“You will often get these questions because someone sees something popular, whether it is the ice bucket challenge or something they saw on TikTok, but what they don’t understand – is it’s harder than ever to surprise people and tomorrow it will be even harder,” Barrett said. “We are more siloed than ever, there is more content than ever, and we all see a different version of the internet based on algorithms tailored to us and only us. It is not easy to breakthrough, to create something universal when you’re pushing against the attention economy. And if you do, it needs to be tied into the objective or it won’t be worth it.”
One example Barrett mentioned in our conversation was the Old Spice commercials featuring actor Terry Crews. The advertisements were insanely popular. They brought a tremendous amount of awareness to an already well-known brand, but they didn’t increase sales, Barrett said. While the ads were very creative and had a lot of buzz, it appears they may have fallen short on their objective.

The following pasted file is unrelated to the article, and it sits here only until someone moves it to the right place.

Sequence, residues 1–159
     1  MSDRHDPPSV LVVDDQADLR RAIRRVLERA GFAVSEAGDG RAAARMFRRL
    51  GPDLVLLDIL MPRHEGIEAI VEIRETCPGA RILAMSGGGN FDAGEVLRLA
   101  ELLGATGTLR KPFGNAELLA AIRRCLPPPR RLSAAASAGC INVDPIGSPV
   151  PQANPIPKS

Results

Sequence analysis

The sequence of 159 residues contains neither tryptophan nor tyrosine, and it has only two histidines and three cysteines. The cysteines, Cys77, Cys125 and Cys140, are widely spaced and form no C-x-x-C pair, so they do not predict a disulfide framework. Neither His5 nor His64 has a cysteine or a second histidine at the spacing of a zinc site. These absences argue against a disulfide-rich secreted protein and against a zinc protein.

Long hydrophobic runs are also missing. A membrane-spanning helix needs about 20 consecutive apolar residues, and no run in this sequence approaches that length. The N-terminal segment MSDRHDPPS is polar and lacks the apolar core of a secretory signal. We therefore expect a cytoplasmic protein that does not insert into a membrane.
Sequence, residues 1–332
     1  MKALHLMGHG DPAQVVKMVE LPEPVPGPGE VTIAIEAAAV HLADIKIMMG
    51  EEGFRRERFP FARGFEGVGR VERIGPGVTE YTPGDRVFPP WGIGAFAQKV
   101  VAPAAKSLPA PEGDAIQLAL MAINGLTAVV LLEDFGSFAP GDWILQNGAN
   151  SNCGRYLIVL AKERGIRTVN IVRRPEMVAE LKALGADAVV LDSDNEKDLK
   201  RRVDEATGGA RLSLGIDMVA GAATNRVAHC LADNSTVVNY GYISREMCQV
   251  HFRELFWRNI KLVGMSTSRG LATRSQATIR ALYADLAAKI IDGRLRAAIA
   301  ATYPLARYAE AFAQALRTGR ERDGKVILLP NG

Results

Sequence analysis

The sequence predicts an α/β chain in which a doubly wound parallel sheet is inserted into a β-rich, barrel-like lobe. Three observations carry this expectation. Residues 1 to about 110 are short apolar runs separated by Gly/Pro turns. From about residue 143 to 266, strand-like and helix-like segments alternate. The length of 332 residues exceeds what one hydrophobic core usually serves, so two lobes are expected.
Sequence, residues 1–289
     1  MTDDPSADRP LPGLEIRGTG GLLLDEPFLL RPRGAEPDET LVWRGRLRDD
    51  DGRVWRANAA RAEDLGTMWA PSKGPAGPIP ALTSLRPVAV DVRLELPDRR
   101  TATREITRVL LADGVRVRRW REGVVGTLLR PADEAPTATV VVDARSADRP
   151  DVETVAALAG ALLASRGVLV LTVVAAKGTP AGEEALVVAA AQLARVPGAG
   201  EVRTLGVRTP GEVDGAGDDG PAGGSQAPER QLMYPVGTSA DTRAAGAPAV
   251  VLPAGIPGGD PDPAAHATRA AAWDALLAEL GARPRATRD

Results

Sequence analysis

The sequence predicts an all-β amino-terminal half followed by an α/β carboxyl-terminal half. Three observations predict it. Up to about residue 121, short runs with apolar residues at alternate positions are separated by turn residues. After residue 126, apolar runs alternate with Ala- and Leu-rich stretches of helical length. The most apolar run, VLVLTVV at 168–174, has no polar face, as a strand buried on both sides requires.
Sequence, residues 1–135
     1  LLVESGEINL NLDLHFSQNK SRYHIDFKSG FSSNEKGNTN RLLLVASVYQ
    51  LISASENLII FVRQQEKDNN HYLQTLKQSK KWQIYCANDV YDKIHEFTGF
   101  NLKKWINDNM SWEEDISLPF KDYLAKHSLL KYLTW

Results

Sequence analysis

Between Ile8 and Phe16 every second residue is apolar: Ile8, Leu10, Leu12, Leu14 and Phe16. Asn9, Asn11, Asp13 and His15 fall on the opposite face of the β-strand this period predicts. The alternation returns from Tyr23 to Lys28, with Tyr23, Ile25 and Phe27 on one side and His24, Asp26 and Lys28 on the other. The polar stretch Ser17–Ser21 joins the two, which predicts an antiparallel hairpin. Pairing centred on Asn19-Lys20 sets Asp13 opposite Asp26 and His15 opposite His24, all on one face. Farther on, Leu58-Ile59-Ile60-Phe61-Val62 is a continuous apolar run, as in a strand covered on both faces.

What resources do we have?
Stunt PR is only worth doing if people talk about it.
“The next question has to be about resources,” Barrett said. “I will always ask, ‘what resources do we have internally and what influencers do we have who are ready to act?’”
By influencers “who are ready to act,” Barrett is referring to brand ambassadors. He believes that companies that throw a lot of money to one influencer or small sums to a lot of influencers for one-off requests aren’t playing the game correctly. He said you must have influencers who are ready to pounce and promote your content, or you will fail.
“You have to seed your content,” Barrett said. “If you try to create a stunt without the right influencers or media contacts to ensure that you will have a baseline of attention, then you aren’t playing the game at all. This is a prerequisite to any creative PR. Content is far too sophisticated to rely on luck. What was true 75 years ago is true today. It still is all about the relationships you curate and maintain.”
As we spoke about this, Barrett mentioned how many people believe that some things just “go viral” and feel accidental. But nothing happens by accident.
“If you don’t have people willing to share the content, you are just throwing a pebble in the ocean,” he said. “No one else will see it. David Ogilvy once said that ‘nothing should ever be a surprise.’”